Oxybenzone & Octinoxate

Sunscreen

Sunscreen

What is Oxybenzone and Octinoxate, and Where Are They Found?

Oxybenzone & Octinoxate are chemicals that are typically found in sunscreens.  Hawaii recently passed a bill prohibiting the sale and distribution of these two chemicals in sunscreens in their state.   

Why is Oxybenzone and Octinoxate Bad?

Oxybenzone and octinoxate cause mortality in developing coral; increase coral bleaching that indicates extreme stress, even at temperatures below 87.8 degrees Fahrenheit; and cause genetic damage to coral and other marine organisms. These chemicals have also been shown to degrade corals’ resiliency and ability to adjust to climate change factors and inhibit recruitment of new corals. Furthermore, oxybenzone and octinoxate appear to increase the probability of endocrine disruption.” (source)

This affects a wide variety of marine animals, from fish and sea turtles, all the way to marine predators at the top of the food chain.  It affects many species, from the critically endangered to the conservation dependent.

What Should I Do?

The good news is that there are plenty of sunscreens available on the market without these two ingredients!  We recommend avoiding sunscreens with these ingredients entirely, in order to opt for products that are more choral reef friendly.

Learn More:

Hawaii’s Recently Passed Bill

CNN Reports on the Issue

Center For Biological Diversity Page on the Subject

Sunscreen Safety Article

Animal Musks

musk deer

What is Musk and Where Does it Originate?

Animal sourced musks have been used in perfumes and body products throughout history, often as a perfume fixative, within medicines, or in incense material.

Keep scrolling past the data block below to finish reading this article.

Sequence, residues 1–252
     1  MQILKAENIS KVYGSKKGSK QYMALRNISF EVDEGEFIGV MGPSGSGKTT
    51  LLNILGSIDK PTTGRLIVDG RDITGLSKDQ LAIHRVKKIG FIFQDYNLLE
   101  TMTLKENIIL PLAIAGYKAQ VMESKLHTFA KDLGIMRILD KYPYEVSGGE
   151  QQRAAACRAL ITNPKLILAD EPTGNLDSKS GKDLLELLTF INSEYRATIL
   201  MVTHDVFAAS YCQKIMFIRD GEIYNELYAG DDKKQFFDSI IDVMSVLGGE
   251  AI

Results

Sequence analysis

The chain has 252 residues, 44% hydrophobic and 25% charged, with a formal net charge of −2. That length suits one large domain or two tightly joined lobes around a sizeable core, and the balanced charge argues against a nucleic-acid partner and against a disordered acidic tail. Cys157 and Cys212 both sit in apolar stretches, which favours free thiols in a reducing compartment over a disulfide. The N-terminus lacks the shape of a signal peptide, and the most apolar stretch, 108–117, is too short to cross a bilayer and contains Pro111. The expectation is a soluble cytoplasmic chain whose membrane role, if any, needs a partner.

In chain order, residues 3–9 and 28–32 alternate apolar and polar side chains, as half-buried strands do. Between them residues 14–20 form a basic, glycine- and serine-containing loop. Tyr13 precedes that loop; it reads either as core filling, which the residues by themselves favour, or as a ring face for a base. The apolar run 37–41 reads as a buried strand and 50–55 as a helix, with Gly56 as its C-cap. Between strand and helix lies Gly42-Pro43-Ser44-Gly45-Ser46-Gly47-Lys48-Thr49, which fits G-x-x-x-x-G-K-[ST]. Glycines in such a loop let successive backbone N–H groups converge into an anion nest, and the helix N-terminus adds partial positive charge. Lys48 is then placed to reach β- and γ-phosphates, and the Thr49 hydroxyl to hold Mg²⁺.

The term “musk” in an ingredient list isn’t inherently a problem for conservation efforts, since it can sometimes refer to a synthetic or “sustainably” farmed musk.  Although, some sources claim that “the complex odor profile and effect of musk cannot be duplicated in a lab.” (source)  

Musks can come from the scent glands of a variety of animals.  Deer musk is a common issue for conservation efforts, since it comes from the male musk deer, which has been hunted nearly to extinction.  Another common musk source is the African civet cat.

If a product has been flagged for musk, then further investigation is recommended. 

Why is Musk Bad?

In terms of conservation efforts, musks sourced from the male musk deer seems to be the primary concern, since some species of musk deer have been hunted nearly to extinction:

Seven species of musk deer are found in Asia, and all are on the decline. Thousands of male musk deer have been killed for their musk pods, a gland that produces the musk that gives the animals their name and has been used in perfumes. The musk, a brown, waxy substance, can be extracted from live animals, but “musk gatherers,” who can get around $200 to $250 per gland from foreign traders, find it easier to kill the deer. Though perfume makers have found synthetic alternatives to musk, the hunting hasn’t stopped. Musk deer meat is considered a local delicacy, and musk is still used in traditional medicines for treating cardiac, circulatory and respiratory problems.” (source)

Musk sourced from other animals such as the African civet cat isn’t without concerns.  “These beautiful animals can be held in cages for up to 15 years in order for their glands to be ‘milked’ by scraping the gland while the animal is still alive. Otherwise, the cat will be killed and the glands removed to take the secretion.” (source)

What Should I Do?

There are plenty of perfumes and products made without any sort of musk at all!  Since not all “musk” ingredients in products indicate the presence of animal musk, we do recommend more investigation by the user.  However, since there are plenty of products available without musk, and it can often be difficult to trace the origin and nature of a musk, some consumers might prefer to avoid it altogether.

Learn More:

Animal Odors in Perfume

Smithsonian Magazine: Endangered & Threatened Species Used in Traditional Medicine

Animal Ingredients in Cosmetics